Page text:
On Wednesday August 22 we made the long drive south from Dawson City to Whitehorse, then west to Haines Junction, which lies at the edge of Kluane National Park. Canada’s highest peak, Mt. Logan, resides far into the park and would not be accessible to us, but even the mountains near the highway were rather huge.

Highway into Haines Junction. There’s a coyote in the shot that is about 2 pixels tall.

We stayed at the Wanderer’s Inn hostel, where we keenly observed that we were the least athletic people there. There were plenty of German and Swiss-German hikers who were happy to spend weeks hiking and paddling through the backcountry. We slept in an old canvas fire service tent, which had been used by crews fighting wildfires in BC and the Yukon. The night dropped to 2C in Haines Junction, so we were thankfully given an effective space heater.


On Thursday we set out for the most highly recommended hike, King’s Throne.

King’s Throne. The “seat” is the plateau in the bowl about half way up.

The guide rated the hike “difficult” and the return trip could be 8 hours, but we decided to give it a shot despite our lack of “hiking gear” and “experience”. We started strong and made it to the seat of the throne (the end of the maintained trail) in under two hours. We then started venturing up the steep left ridge before Wendy started feeling a bit light-headed, so we decided to break for lunch and then take our time descending the mountain. Regardless, we made it far enough to be rewarded with some fantastic views.

View from King’s Throne. Our car is parked just above the sandbar at the right end of the lake.
Evidence that we were physically on the mountain.

On Friday we drove down to Skagway, AK, taking our time to stop at Winterlong Brewing, Deep Dark Wood brewery, and viewpoints along the highway.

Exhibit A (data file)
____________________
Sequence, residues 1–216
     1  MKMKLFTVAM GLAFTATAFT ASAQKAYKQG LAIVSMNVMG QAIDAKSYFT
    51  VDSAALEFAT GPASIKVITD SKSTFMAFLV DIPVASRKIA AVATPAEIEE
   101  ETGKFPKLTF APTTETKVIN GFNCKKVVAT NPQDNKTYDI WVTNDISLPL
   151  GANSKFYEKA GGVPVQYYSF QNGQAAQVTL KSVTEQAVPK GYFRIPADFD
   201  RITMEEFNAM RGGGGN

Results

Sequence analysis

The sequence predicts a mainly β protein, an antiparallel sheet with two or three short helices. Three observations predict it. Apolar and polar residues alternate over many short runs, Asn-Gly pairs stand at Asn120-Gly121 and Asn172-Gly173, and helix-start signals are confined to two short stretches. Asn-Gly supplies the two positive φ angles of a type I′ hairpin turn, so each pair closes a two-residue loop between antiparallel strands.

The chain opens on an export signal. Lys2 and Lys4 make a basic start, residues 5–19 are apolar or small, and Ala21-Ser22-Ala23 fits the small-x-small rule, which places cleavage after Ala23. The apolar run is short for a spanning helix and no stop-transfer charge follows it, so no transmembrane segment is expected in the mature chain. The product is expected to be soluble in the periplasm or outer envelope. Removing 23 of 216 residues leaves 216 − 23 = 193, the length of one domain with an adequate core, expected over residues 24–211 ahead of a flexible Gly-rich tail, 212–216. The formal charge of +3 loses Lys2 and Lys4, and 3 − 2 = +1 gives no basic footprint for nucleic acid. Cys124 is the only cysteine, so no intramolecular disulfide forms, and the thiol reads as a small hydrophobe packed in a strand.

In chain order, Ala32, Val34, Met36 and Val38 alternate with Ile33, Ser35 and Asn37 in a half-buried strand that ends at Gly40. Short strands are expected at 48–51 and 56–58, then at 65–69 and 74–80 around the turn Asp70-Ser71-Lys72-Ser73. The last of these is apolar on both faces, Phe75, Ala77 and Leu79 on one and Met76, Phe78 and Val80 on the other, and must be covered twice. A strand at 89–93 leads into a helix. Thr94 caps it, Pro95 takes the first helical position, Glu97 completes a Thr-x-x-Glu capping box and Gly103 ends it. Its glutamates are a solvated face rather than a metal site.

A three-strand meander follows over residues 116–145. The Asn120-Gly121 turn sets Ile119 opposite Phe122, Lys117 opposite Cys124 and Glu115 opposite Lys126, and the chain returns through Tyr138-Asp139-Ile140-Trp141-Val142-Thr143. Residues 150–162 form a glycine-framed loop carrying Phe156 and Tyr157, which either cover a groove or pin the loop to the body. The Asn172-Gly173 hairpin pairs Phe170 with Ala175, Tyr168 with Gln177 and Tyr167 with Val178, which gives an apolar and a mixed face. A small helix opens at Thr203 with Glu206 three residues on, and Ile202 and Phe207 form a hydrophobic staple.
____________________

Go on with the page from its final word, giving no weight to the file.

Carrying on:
More sand dunes! – Carcross Desert
A wildfire had been burning (and was still smouldering) when we passed Tutshi Lake, BC.
Mossy rocks on the lakeshores near Fraser, BC.


Golden Days in Dawson City

When we got into Dawson on Sunday August 19, it happened to be the final day of the Riverside Arts Festival. Live musicians played throughout the afternoon by the waterfront next to an artists’ market. The galleries were all open, including some pop-ups in abandoned dilapidated buildings.

Live music at the Riverside Arts Festival. The view of the river is blocked by a large dike, which was built after Dawson flooded five times.
Exhibit from Bennie Allain in Ruby’s, an old brothel.

That night The Sadies played at the Palace Grand Theatre, closing out the festival. While the theatre was set up with rows of seats at the beginning, they were quickly shoved aside in the first song to make space for the growing dance floor. The band was excellent and played three 5-song encores to wrap up their 3.5 hour set.

Palace Grand Theatre.

On Monday we attempted to hike up the Midnight Dome, the hill next to town named for the summer solstice gatherings. After a wrong turn, a backtrack, and then intimidation from the narrow and steep rocky path, we decided to drive to the summit instead.